Arrow Video’s spectacular Blu-ray of Rabid is a reminder of just how good and natural a filmmaker David Cronenberg is, while the director’s recent Maps to the Stars seems a less personal work.
Two recent Blu-ray releases highlight very different attitudes to the crime thriller in the ’70s: Robert Culp’s Hickey and Boggs and Douglas Hickox’s Brannigan.
Spectacular action reminiscent of the original Mad Max trilogy can’t quite overcome a disappointing script and weak lead performance in George Miller’s return to the post-apocalyptic world he created more than three decades ago.
We bring our whole personal history to every movie we see, even ones we’ve seen (many times) before; as we’re in a constant state of change, so the movies we watch seem to change with each viewing.
Some impressions of the eclectic variety of movies I’ve watched in the past couple of months, from the obscure to the classic, from mainstream blockbusters to quirky independents.
Recent viewing includes the big-budget Furious 7 and the smaller but better It Follows, as well as a collection of older genre movies on disk.
Criterion’s Blu-ray release of Carol Reed’s Odd Man Out (1947) should help to establish this masterpiece as the equal of Reed’s more famous The Third Man.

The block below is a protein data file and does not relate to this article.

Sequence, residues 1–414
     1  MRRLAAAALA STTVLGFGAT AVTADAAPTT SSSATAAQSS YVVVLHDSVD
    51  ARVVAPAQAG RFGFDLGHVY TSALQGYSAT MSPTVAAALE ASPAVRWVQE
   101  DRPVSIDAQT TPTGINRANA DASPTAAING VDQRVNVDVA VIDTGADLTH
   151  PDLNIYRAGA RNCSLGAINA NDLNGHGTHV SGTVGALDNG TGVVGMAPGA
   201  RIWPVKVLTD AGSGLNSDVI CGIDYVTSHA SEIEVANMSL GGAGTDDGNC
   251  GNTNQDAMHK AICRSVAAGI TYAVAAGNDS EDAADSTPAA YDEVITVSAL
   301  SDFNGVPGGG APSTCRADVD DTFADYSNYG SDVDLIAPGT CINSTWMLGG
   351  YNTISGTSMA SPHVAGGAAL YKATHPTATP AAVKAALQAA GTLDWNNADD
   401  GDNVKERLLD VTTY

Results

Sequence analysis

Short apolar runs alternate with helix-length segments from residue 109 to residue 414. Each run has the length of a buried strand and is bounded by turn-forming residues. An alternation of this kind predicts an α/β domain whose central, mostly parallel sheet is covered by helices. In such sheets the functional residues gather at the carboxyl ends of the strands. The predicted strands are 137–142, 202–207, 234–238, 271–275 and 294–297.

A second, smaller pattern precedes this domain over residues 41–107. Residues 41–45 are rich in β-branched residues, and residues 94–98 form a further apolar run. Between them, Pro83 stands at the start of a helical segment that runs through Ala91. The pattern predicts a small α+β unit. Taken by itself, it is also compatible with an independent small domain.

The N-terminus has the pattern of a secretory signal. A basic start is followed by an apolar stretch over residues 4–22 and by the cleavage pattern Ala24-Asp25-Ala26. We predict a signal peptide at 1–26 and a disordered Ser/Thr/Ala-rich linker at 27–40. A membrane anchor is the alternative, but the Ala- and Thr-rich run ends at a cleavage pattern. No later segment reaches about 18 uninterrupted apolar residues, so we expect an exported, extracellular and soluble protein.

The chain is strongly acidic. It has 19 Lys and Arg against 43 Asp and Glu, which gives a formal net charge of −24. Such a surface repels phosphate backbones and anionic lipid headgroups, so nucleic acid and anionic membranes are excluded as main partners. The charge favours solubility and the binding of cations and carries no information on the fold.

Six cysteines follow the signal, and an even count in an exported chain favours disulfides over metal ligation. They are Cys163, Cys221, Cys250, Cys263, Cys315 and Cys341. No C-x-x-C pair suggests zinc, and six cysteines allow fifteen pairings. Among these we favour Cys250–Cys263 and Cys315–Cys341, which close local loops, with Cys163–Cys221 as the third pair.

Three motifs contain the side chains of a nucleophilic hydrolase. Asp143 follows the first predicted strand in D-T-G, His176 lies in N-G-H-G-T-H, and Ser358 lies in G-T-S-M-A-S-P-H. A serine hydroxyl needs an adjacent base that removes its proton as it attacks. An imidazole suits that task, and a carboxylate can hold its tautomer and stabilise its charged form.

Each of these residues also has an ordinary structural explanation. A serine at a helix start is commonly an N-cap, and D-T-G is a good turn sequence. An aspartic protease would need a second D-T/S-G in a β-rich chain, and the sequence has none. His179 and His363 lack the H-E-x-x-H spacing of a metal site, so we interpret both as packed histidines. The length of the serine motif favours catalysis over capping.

Watching Blacula (1972) while reading James Baldwin’s The Devil Finds Work turns up some surprising depths in the cheap blaxploitation horror movie.
Surprisingly, the underrated British director Val Guest has recently been represented by a flurry of Blu-ray releases, two of which highlight some of his finest work while the third makes available one of his lesser known minor films of the ’50s.
Studio Ghibli’s Isao Takahata creates a masterpiece in his final feature, The Tale of the Princess Kaguya, while Hiroyuki Okiura seems a worthy successor to the studio’s achievements with A Letter to Momo; less successful is Ari Folman’s live action/animation hybrid Robin Wright at The Congress.